This is not to say that I didn’t enjoy the book — because I did. Andy, Sam, Pete, Vince, Laurie, Tara and the rest are old friends that I enjoy getting together with every few months. Rosenfelt’s latest demonstrates what’s been true for years — this series is at the point where you can reliably count on each book for an entertaining read, a puzzling mystery, some good comic moments, a nice dog or two and maybe even a tug on the heart strings. They’re still charming enough to win over a new reader (and any of the books serve just fine as entry points) as well as satisfying the long-term reader. Rescued delivered just what I expected and left me satisfied — satisfied and ready to read number 18.

Disclaimer: I received this eARC from St. Martin’s Press via NetGalley in exchange for this post — thanks to both for this, it was a real pleasure.

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3.5 Stars

Trouble Makes a Comeback (Audiobook) by Stephanie Tromly, Kathleen McInerney: Not as good as its predecessor, but a heckuva fun read/listen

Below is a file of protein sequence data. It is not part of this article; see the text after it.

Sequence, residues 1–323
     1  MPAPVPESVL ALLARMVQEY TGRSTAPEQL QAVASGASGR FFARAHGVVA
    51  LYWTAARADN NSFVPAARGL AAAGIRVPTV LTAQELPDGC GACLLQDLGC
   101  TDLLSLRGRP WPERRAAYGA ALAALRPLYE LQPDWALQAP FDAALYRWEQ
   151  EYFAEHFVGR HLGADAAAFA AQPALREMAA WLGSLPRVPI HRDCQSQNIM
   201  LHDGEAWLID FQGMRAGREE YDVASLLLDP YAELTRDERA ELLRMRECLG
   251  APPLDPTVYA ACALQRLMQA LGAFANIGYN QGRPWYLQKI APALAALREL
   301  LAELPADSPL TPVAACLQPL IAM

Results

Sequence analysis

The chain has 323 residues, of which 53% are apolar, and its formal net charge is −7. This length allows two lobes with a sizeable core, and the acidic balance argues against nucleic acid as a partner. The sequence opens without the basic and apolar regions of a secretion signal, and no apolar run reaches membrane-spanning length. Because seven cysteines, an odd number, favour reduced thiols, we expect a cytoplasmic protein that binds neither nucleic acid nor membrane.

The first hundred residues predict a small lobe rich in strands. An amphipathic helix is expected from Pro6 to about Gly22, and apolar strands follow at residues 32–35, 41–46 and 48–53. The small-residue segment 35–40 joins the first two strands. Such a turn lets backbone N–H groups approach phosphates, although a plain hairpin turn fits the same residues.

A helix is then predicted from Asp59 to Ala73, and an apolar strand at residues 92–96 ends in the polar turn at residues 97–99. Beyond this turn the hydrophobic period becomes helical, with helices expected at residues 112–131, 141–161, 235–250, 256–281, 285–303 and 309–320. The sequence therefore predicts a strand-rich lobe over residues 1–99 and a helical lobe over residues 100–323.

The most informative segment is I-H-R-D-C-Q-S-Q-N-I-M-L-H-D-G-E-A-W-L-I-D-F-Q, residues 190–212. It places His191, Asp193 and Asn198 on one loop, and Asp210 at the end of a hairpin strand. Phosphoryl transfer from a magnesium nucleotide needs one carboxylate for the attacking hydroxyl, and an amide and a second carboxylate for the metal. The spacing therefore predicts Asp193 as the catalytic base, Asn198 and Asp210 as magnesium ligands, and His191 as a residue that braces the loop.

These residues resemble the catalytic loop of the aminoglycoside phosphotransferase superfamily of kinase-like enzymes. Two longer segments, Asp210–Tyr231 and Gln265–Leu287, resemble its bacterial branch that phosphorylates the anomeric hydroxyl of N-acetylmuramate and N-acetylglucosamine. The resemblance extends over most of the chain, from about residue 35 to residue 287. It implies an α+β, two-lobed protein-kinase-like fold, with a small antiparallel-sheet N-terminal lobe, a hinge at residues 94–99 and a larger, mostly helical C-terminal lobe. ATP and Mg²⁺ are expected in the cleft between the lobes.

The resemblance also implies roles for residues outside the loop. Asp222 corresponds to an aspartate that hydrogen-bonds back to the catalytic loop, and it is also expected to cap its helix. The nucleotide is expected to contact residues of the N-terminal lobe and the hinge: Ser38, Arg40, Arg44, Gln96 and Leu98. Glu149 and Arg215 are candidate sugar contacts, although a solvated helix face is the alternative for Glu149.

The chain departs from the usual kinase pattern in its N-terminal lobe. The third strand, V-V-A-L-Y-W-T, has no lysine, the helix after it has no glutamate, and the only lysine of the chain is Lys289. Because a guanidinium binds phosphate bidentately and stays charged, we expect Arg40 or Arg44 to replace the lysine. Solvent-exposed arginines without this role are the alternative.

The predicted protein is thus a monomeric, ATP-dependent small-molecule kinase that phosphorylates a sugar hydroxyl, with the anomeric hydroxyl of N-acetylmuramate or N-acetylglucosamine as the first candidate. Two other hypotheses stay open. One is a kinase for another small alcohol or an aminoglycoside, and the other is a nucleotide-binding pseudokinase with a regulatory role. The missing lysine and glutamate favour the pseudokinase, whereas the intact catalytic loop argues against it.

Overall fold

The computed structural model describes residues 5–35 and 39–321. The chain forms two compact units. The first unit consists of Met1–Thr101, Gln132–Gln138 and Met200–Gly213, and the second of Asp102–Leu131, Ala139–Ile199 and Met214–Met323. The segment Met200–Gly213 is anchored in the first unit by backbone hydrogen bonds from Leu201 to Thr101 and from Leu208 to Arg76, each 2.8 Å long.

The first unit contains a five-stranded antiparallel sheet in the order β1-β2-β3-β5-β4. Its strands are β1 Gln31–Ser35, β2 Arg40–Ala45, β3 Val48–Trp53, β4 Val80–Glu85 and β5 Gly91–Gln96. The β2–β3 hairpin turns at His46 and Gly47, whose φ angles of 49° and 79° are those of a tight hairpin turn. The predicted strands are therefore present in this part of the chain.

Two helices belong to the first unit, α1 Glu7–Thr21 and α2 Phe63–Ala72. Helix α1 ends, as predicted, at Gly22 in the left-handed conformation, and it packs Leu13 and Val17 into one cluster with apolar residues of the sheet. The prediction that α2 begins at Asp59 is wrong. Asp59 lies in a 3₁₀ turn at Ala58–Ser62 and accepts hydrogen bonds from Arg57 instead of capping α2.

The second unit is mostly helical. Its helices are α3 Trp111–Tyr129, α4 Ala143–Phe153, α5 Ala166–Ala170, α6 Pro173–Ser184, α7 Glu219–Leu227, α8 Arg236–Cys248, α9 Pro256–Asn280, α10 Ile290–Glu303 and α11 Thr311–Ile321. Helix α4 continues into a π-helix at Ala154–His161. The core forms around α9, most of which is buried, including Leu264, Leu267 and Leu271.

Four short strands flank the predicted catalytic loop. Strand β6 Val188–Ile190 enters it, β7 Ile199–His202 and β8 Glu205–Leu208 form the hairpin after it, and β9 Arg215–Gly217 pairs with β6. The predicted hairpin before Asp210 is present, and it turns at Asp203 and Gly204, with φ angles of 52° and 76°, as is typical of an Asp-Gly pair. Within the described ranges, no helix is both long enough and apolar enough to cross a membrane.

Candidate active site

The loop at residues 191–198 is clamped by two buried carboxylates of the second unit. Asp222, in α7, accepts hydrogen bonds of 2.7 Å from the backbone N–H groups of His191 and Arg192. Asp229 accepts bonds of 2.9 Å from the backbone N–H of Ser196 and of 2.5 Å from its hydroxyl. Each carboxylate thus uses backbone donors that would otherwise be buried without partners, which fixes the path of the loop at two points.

Trouble Makes a ComebackTrouble Makes a Comeback

by Stephanie Tromly, Kathleen McInerney (Narrator)
Series: Trouble, #2

Unabridged Audiobook, 7 hrs., 56 min.
Listening Library, 2016
Read: May 23-24, 2018

After the explosive ending of Trouble is a Friend of Mine, life has settled down for Zoe — so much so, she may have achieved “normalcy.” Her grades are good, she’s got a nice job, she’s dating the backup QB (maybe not the brightest guy, but he’s nice), and even has a couple of friends. The biggest stress in her life is the SATs just around the corner (she’s over-prepared but doesn’t believe it). Her mother’s got a new live-in boyfriend, and other than all the health food he’s insisting they eat, things are good on that front, too — better than they’ve been in years.